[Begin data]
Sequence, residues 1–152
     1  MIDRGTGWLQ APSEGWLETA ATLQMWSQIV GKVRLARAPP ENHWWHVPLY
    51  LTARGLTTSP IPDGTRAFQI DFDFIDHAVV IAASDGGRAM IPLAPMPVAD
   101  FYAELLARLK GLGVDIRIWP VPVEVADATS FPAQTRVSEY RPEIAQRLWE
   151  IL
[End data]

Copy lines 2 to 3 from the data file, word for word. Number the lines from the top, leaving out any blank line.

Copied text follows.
     1  MIDRGTGWLQ APSEGWLETA ATLQMWSQIV GKVRLARAPP ENHWWHVPLY
    51  LTARGLTTSP IPDGTRAFQI DFDFIDHAVV IAASDGGRAM IPLAPMPVAD